RE/MAX EXECUTIVES, INC. v. VACALIS et al.
Re/Max Executives, Inc. appeals the trial court's denial of its motion for summary judgment, contending that DeMetri and Dena Vacalis, as purchasers, breached their contractual obligation to pursue and obtain financing for the subject real property, and thereby preventing the closing of the sale. As a jury question remains as to whether the Vacalises diligently pursued their financing obligations under the contract, we affirm.
“Summary judgment is proper when there is no genuine issue of material fact and the movant is entitled to judgment as a matter of law. OCGA § 9-11-56(c). A de novo standard of review applies to an appeal from a grant [or denial] of summary judgment, and we view the evidence, and all reasonable conclusions and inferences drawn from it, in the light most favorable to the nonmovant.” Matjoulis v. Integon Gen. Ins. Corp., 226 Ga.App. 459(1), 486 S.E.2d 684 (1997).
1. The record shows that the Vacalises, as buyers, executed a purchase and sale agreement contingent upon them obtaining financing. Paragraph 2(1) of the sales agreement provides that the Vacalises' obligation to close the transaction was contingent upon their ability to obtain a loan in the amount of 80 percent of the $330,000 purchase price (i.e., $264,000), with an interest rate not greater than 8.25 percent. Paragraph 2(7) of the agreement, required purchasers to also close the sale if they selected alternative financing. It provides that: “Buyer shall be obligated to close this transaction if Buyer has the ability to obtain a loan with terms as described herein and/or any other loan for which buyer has applied and been approved.” The contract further provides that purchasers will be liable to Re/Max for its commission if purchaser's breach of the contract prevents the closing thereof.
On or about September 26, 1996, the Vacalises applied to Sun America Mortgage, Inc. for a loan. Mr. Vacalis testified that his intention was to apply for a $264,000 loan which would satisfy the primary financing contingency of the agreement. Vacalis further testified that he signed the application for this loan in blank, pursuant to Sun America's request, and that Sun America later completed the application to reflect a request for $200,000 without informing him and against his instructions. On or about October 1, 1996, Vacalis terminated his dealings with Sun America in writing, stating: “The main reason in my decision to transfer my application file is your unwillingness to factor in my moral and ethical monetary support obligation to take care of my ill parents and to ensure that my son receives a quality college education.” Thereafter, the Vacalises unsuccessfully applied for a loan with another institution to which Sun America transferred their file.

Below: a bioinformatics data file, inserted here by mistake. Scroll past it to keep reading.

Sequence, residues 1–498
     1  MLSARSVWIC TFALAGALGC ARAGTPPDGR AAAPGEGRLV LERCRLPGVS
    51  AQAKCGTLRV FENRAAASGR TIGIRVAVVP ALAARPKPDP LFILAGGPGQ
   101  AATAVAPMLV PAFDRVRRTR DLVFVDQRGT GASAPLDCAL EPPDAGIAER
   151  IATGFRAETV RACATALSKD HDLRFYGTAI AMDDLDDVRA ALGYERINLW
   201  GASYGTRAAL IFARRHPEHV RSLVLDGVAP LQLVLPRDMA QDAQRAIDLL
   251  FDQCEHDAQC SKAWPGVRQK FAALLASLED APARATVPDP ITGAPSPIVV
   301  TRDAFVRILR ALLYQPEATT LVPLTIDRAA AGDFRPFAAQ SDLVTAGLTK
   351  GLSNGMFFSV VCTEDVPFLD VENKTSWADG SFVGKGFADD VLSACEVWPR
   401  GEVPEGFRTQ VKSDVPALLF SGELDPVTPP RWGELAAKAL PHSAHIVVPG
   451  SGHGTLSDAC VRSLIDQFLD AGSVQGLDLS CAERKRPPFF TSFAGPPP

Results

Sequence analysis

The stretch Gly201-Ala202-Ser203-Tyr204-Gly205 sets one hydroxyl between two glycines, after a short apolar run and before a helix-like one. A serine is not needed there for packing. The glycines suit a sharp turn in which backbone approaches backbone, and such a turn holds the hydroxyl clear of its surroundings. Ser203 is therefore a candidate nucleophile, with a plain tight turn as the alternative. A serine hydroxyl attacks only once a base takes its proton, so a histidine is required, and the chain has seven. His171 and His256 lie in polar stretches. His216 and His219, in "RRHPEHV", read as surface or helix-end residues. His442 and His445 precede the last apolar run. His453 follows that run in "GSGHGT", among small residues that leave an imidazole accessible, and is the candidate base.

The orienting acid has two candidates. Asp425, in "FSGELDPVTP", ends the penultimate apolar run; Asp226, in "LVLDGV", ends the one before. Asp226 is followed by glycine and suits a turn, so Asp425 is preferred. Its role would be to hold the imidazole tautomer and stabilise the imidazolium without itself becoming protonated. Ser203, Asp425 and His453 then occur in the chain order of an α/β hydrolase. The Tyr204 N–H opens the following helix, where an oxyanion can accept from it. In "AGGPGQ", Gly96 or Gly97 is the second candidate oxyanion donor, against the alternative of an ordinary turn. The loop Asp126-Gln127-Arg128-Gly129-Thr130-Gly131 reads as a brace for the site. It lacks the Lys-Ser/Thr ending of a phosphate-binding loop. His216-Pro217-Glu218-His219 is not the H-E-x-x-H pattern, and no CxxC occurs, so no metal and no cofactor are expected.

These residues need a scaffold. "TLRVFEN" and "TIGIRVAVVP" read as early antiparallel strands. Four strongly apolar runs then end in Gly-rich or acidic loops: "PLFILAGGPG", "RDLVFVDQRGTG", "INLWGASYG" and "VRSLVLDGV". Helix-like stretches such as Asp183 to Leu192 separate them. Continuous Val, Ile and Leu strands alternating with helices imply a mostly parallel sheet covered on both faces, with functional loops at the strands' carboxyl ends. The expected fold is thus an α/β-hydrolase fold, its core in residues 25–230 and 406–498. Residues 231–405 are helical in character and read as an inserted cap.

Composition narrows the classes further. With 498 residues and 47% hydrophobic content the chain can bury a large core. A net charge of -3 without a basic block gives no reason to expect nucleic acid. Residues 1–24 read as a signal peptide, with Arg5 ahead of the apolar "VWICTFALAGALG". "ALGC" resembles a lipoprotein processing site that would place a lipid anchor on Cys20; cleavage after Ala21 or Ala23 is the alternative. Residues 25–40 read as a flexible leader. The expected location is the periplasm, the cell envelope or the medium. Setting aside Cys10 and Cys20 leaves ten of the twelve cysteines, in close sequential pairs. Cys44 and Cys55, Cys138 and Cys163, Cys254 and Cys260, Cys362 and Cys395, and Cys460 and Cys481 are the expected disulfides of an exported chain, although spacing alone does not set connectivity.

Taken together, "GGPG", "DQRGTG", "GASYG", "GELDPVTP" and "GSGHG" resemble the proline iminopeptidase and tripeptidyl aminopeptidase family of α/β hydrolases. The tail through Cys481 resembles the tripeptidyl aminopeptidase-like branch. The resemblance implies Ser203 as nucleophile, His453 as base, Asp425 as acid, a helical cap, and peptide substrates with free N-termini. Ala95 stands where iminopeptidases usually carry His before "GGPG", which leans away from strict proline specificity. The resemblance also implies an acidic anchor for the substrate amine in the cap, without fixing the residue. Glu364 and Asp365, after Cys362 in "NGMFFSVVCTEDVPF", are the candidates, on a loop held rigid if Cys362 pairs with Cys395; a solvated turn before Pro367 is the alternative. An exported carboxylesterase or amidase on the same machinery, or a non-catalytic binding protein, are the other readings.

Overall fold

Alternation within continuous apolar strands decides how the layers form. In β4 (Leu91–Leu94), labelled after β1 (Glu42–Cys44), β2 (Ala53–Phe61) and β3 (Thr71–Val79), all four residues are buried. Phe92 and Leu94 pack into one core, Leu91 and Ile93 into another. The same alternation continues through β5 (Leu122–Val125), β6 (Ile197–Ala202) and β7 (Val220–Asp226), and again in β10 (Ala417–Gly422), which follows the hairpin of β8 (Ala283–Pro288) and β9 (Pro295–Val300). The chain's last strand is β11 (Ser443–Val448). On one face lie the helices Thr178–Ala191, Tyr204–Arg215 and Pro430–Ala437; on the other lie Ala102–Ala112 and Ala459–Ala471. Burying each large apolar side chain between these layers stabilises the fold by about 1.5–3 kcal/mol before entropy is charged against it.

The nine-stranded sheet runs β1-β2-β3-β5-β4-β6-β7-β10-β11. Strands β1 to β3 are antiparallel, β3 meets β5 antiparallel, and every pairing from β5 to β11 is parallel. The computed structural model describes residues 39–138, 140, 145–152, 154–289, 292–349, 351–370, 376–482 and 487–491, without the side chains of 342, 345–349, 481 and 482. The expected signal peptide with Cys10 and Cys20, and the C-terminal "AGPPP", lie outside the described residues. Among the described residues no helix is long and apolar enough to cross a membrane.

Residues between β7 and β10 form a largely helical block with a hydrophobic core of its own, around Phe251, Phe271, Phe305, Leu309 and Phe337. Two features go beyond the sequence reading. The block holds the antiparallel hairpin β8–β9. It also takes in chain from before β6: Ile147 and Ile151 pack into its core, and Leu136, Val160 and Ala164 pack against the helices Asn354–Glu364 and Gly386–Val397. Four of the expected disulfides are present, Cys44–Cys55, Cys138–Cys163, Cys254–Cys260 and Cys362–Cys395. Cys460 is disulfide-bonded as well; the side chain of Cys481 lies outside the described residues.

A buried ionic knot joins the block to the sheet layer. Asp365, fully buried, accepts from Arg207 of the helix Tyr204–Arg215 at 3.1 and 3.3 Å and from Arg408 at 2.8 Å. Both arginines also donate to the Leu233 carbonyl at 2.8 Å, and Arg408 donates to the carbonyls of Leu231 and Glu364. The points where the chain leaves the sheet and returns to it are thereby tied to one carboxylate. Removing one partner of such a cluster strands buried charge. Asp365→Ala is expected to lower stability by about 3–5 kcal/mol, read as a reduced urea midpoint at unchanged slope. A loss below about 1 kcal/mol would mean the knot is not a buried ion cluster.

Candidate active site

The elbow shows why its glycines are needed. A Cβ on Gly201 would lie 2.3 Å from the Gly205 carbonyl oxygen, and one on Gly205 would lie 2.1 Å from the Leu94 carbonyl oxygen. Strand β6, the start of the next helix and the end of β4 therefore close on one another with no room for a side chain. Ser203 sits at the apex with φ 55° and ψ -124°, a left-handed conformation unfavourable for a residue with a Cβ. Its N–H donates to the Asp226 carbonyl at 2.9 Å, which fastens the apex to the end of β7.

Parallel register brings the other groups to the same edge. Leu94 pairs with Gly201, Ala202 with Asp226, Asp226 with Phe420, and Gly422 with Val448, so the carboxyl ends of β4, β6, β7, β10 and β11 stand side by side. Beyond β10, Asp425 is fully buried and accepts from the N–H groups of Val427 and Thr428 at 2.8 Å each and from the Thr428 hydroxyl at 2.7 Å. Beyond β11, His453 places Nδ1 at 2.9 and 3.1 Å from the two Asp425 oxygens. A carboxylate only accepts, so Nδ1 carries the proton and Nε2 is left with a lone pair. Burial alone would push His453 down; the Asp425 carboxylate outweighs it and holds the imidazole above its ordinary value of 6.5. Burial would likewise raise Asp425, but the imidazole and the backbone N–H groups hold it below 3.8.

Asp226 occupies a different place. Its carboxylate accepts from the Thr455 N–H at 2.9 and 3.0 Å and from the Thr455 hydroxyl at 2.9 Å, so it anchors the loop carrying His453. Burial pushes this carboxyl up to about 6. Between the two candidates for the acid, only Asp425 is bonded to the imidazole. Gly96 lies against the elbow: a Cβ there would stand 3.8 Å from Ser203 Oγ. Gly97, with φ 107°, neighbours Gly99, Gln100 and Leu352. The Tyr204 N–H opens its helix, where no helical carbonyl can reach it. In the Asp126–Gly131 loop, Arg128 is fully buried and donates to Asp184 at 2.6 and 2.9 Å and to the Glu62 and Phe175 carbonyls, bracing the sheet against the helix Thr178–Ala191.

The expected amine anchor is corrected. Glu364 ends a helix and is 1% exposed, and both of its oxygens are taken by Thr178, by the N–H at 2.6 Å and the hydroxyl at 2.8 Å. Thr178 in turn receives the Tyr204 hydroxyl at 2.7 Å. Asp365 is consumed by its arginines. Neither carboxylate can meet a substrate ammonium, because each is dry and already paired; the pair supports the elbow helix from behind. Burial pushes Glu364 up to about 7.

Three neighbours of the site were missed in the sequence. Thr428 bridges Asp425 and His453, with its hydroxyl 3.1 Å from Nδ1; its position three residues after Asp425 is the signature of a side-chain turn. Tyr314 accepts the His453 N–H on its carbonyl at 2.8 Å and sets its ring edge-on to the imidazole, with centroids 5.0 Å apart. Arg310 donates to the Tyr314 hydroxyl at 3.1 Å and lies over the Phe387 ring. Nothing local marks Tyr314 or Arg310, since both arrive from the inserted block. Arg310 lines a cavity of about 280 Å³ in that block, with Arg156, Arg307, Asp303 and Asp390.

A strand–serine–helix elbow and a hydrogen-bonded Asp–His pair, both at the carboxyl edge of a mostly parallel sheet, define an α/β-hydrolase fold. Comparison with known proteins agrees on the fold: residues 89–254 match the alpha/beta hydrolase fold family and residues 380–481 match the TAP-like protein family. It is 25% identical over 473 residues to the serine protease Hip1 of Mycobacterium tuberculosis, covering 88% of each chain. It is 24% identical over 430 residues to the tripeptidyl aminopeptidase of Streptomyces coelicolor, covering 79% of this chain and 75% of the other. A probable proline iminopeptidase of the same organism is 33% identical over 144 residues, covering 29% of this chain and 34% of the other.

Sun America disputes the Vacalises' version of the loan application process. According to Ted Harrison, Sun America's Executive Vice President, the Vacalises applied for a $200,000 loan at an interest rate of 7.875 percent. Harrison further testified that Sun America would have approved this loan application. Furthermore, we note that Syd Howel, a senior loan officer at Sun America, testified that the Vacalises signed a fully completed loan application in her presence for a loan in the amount of $200,000. Howel further indicated that, had the Vacalises applied for a $264,000 loan, they would have qualified therefor. However, Howel's affidavits were filed after the trial court entered its order in this case, and, as such, these affidavits could not have been considered by the trial judge in rendering his decision.
2. “Every contract imposes upon each party a duty of good faith and fair dealing in its performance and enforcement. In the specific context of a financing contingency in a real estate sales contract, for example, we have held that the purchaser has an implied duty to diligently seek to have the contingency take place, and that this implied duty must be exercised in good faith.” (Citations and punctuation omitted.) Century 21 Mary Carr & Assoc. v. Jones, 204 Ga.App. 96, 97, 418 S.E.2d 435 (1992). Whether in the amount of $264,000 or $200,000 and whether pursuant to paragraph 2(1) or 2(7) of the sales agreement, it is undisputed that the Vacalises filed a loan application with Sun America which they unilaterally terminated because Sun America refused to consider speculative obligations which the Vacalises might incur in the future. It is also undisputed that Sun America would have approved this application if it had not been withdrawn. In light of these facts, a jury must determine if the Vacalises acted diligently in attempting to satisfy their financing obligations under the sales contract. “Whether [the Vacalises'] actions were reasonable or exhibited the good faith or diligence implied in the contract was clearly a material issue of fact.” Id. Accordingly, as issues of fact remain in this case, we affirm the trial court's denial of Re/Max's motion for summary judgment.
McMURRAY, P.J., and ELDRIDGE, J., concur.